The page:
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Moving from RAID 0 array to smaller single drive with instal
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thender
Tux's lil' helper
Tux's lil' helper


Joined: 26 Aug 2013
Posts: 125

PostPosted: Tue Dec 16, 2014 6:59 am    Post subject: Moving from RAID 0 array to smaller single drive with instal Reply with quote

Is there a simple way to move my OS install, as is, to a newer smaller drive if it will fit? I would like to be able to copy everything over to a new drive, change my fstab & tell grub to boot from a root on a different device and be done, but this is proving difficult!

I installed gentoo on a raid 0 array of two 512 GB SSDs. I use about 140 GB of that space right now after cleaning/backing up.

I want to repurpose those two SSDs and put a single 500 GB hard drive in here. Problem is, I can't figure out how. I tried using a liveCD & gparted to shrink the partition on the raid array, but no dice. After three hours of “scanning for errors”, it gets nowhere.

I tried rsync -a to the new drive. The problem here is that it loops infinitely. If I mount the new drive on /newdrive and rsync -a /* /newdrive, it just infinitely copies my mata into /newdrive/newdrive/newdrive, etc, ad nauseum, and even if I stop it after it has copied everything **else**, it won't boot. I get all sorts of errors about ext4-fs not being able to read /dev/sda2 as an ext3 partition because of incompatible features, even though /etc/fstab says /dev/sda2 root is an ext4 partition.

I'm at my wits end. I really don't want to compile everything from scratch and go through the hassle of figuring out all the bugs and quirks to get my system the way I want, but it seems like that may actually take less time.

Thank you!
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krinn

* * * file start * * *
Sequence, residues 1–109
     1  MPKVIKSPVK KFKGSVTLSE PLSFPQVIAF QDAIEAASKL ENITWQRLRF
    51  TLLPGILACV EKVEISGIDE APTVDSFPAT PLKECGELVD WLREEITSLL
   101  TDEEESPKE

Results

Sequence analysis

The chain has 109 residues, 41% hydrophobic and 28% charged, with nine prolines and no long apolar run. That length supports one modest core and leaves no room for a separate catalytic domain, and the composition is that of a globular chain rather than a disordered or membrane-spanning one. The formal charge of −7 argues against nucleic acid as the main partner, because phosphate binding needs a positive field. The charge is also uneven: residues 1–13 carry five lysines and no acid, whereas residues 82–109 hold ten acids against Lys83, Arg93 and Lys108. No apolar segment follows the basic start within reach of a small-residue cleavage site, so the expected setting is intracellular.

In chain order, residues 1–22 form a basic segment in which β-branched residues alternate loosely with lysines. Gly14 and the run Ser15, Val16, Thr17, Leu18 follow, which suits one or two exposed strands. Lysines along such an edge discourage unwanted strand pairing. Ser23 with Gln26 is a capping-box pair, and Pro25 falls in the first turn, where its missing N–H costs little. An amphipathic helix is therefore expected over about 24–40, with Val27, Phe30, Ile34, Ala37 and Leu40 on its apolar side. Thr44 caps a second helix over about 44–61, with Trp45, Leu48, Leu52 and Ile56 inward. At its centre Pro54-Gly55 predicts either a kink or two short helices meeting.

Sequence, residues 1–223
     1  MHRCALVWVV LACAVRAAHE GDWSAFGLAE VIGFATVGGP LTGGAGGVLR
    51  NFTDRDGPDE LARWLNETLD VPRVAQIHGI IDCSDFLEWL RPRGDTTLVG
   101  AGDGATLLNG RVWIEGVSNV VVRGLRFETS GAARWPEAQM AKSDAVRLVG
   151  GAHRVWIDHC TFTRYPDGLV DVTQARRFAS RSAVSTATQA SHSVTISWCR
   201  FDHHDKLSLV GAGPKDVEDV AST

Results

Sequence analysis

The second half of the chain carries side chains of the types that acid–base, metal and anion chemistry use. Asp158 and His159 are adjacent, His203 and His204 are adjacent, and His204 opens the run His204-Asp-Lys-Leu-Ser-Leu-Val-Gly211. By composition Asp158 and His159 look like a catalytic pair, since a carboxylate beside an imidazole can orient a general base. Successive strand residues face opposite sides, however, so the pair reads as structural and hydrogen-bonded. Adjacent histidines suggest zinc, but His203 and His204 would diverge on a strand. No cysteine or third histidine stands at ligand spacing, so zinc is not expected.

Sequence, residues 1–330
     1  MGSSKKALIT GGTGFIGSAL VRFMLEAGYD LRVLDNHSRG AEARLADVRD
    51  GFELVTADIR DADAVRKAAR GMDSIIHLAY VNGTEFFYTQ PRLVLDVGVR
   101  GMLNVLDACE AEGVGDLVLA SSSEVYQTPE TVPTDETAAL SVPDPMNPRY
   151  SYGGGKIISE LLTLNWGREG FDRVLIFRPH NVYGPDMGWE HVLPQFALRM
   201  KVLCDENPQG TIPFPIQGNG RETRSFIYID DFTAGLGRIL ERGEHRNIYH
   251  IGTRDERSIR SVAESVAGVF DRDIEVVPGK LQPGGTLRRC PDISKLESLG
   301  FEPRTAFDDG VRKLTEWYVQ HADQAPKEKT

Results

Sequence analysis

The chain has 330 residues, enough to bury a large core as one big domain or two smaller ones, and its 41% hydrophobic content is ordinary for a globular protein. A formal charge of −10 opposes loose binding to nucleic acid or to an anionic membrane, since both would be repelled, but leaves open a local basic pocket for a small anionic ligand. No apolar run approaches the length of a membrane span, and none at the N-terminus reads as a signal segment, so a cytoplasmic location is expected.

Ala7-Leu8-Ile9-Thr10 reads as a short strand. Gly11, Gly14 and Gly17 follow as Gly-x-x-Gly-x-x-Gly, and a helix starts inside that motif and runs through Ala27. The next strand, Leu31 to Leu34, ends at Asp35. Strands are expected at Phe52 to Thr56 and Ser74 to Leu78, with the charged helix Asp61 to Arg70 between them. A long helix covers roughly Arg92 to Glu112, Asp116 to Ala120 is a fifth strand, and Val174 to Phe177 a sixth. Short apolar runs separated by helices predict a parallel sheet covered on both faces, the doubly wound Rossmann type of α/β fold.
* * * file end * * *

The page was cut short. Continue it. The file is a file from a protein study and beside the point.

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Joined: 02 May 2003
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PostPosted: Tue Dec 16, 2014 1:30 pm    Post subject: Reply with quote

Look for a stage4 (or 5), this is how i have switch my system to another array times ago.
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thender
Tux's lil' helper
Tux's lil' helper


Joined: 26 Aug 2013
Posts: 125

PostPosted: Tue Dec 16, 2014 2:20 pm    Post subject: Reply with quote

for some reason gentoo minimal install allows me to rsync just fine while systemrescuecd messes up like crazy trying to mount my raid array. lesson learned, keep a usb of gentoo plain install handy at all times!
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krinn
Watchman
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Joined: 02 May 2003
Posts: 7101

PostPosted: Tue Dec 16, 2014 2:30 pm    Post subject: Reply with quote

So it must be software raid and i think i saw people spoke about raid assembling change because of some revision or something (honestly i'm not quiet sure about the issue, except the general idea is that people have trouble re-assembling the array because of some autodetection failure).

Just to point you might have avoid the issue with the minimal install cd, but the issue remain, and you will get trouble again as the new raid handling introduce that trouble, you may fall again into it faster than you think.
You should look at the lesson that spoke about "understanding and fixing the issue" :)
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NeddySeagoon
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Joined: 05 Jul 2003
Posts: 43586
Location: 56N 3W

PostPosted: Tue Dec 16, 2014 7:07 pm    Post subject: Reply with quote

thender,

There are several issues to address and copying the install over is the easy one.

First, some background. Not eveything you need is inside a filesystem, so you can't make a bootable copy just with filesystem tools.
Parts af grub install in the MBR and in the 'wasted' space before the first partition.

Boot with somthing like system rescue cd because copying a live filesystem can be a verybadthing, as you have found out.
Mount your existing install at /mnt/old but use the -o ro option everywhere to prevent accidents in later steps.
Do not mount /proc, /dev, /sys or /tmp here.

Partition your new drive and make your filesystems all as you would for a new install.
Mount all the parts at /mnt/gentoo as if you wer doing a new install.
Do not fetch a stage3, instead, copy over your old install, however you want.

Mount /proc, /dev ... as if you were continuing the install.
Do the chroot steps into /mnt/gentoo

You are now in the copy of your install but its missing a bootloader.
Install the bootloader of your choice.
Edit /etc/fstab.
Change /etc/conf.d/hostname (for testing only)
Set up the bootloader configuration.

Reboot to test. If you want to boot from the new drive, you will hawe to change the boot order in the BIOS.

If it all works, the login screen will show your new hostname.
_________________
Regards,

NeddySeagoon

Computer users fall into two groups:-
those that do backups
those that have never had a hard drive fail.
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